Working internationally on gender identity, gender expression and bodily issues
Each year, the commemoration of the Trans* Day of Remembrance reminds us of those who died, as victims of transphobic violence. This year is no different and, once again, we are confronted by the painful and increased numbers of trans* killings.
To this day, those whose bodies, gender identities or gender expressions challenge hegemonic norms and expectations have to face real and concrete threats of violence. This violence is aggravated where it intersects with other forms of violence and oppression, such as racism, whorephobia and ableism to name just a few. These threats have one message: our lives have no value to those that aim to destroy them. Moreover death is often not the end to violence, since our vulnerability seems to extend even beyond – for example when trans* people lie in graves under names that were not theirs, in in countries that were not their homes.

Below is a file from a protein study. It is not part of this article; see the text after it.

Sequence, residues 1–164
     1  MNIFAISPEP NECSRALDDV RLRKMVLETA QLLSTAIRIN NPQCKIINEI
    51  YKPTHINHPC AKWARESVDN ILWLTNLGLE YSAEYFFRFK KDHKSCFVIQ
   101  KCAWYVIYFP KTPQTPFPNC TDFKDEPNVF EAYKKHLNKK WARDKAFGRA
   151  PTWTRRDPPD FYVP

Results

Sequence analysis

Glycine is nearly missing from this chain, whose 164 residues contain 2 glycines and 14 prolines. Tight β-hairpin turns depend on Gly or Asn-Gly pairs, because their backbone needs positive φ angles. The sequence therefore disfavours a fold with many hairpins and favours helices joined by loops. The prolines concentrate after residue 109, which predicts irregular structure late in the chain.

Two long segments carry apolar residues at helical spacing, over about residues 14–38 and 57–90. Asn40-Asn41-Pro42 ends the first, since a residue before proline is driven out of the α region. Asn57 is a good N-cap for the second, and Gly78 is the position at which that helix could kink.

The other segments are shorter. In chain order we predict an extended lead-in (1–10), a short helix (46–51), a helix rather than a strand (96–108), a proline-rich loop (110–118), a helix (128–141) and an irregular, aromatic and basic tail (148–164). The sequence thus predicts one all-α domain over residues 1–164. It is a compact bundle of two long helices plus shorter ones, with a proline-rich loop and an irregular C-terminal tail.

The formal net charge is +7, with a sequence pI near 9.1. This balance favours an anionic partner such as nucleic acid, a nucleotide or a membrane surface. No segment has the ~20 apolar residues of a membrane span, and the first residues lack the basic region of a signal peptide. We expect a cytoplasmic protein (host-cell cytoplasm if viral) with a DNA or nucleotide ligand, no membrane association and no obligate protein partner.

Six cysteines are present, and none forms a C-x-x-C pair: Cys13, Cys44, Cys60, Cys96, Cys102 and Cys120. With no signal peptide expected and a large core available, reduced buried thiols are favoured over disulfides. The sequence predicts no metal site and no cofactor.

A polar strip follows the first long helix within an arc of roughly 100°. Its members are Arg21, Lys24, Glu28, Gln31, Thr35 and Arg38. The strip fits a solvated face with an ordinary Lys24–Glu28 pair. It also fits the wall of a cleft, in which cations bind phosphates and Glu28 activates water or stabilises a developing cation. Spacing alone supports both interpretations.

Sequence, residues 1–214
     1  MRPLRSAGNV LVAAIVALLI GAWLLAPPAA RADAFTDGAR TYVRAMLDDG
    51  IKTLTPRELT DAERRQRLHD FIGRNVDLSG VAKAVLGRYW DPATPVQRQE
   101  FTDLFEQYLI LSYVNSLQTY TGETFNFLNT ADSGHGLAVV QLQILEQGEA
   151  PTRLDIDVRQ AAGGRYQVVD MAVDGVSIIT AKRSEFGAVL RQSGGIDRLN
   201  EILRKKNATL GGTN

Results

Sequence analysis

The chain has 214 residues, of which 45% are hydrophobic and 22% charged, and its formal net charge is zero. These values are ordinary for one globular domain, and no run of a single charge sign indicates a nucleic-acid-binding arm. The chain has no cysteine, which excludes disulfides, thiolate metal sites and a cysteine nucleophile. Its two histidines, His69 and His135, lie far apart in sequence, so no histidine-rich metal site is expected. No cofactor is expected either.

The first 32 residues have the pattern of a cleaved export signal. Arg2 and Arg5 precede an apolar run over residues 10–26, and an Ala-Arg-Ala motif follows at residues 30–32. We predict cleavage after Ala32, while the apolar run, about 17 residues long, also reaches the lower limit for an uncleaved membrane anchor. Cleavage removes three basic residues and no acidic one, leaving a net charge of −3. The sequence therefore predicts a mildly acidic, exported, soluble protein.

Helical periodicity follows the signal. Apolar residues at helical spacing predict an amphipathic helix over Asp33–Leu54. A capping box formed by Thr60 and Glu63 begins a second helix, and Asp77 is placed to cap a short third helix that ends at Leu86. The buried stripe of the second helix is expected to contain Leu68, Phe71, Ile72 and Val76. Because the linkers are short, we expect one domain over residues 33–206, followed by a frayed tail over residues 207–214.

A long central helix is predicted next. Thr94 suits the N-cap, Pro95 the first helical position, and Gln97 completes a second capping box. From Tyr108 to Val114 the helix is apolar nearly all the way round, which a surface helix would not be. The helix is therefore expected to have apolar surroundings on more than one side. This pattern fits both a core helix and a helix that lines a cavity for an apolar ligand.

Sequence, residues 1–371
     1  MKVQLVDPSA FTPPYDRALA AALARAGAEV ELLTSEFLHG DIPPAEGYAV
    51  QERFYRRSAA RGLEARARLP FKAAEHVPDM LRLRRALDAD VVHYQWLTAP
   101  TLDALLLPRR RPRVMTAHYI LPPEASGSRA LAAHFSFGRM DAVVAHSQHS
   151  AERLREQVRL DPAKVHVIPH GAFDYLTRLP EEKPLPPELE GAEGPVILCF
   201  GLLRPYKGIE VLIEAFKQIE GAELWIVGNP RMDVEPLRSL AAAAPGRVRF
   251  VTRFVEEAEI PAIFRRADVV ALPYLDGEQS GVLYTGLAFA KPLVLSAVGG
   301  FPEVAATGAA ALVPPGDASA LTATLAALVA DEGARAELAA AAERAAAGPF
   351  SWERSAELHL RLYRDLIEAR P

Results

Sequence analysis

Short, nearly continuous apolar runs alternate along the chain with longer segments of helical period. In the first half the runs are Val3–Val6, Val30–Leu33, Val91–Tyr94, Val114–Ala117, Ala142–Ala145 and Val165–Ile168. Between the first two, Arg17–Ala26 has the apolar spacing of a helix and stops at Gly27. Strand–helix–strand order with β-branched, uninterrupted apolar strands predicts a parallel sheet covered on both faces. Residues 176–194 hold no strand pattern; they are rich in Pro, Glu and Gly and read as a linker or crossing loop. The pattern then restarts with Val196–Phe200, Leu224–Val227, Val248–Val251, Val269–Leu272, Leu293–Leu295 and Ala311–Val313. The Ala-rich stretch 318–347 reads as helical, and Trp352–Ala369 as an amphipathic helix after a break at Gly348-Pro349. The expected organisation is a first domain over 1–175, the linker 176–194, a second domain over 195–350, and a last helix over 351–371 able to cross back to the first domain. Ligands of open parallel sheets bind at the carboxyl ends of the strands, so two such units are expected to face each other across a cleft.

For us at GATE, Trans* Day of Remembrance signifies the renewal of our commitment to dismantle the conditions that produce and justify transphobic violence. And, because of that, it’s also a day of commitment to all trans* people who survive: all those who are pushed to the margins as a result of interconnected forms of oppression, such as racism, classism or whorephobia, all those who are excluded from their families and communities, all those excluded from education, health, housing and work; all those forced to migrate, those who are pathologized and criminalized, those who survive, today, in mental institutions, streets and prisons.
Today, more than ever, we also believe in the need to recognize the courage of those who work every day to defeat violence and transform wounds into memory, knowledge into action and and survival into life. Trans* activists around the world believe that remembrance and emancipation are the same struggle under different names.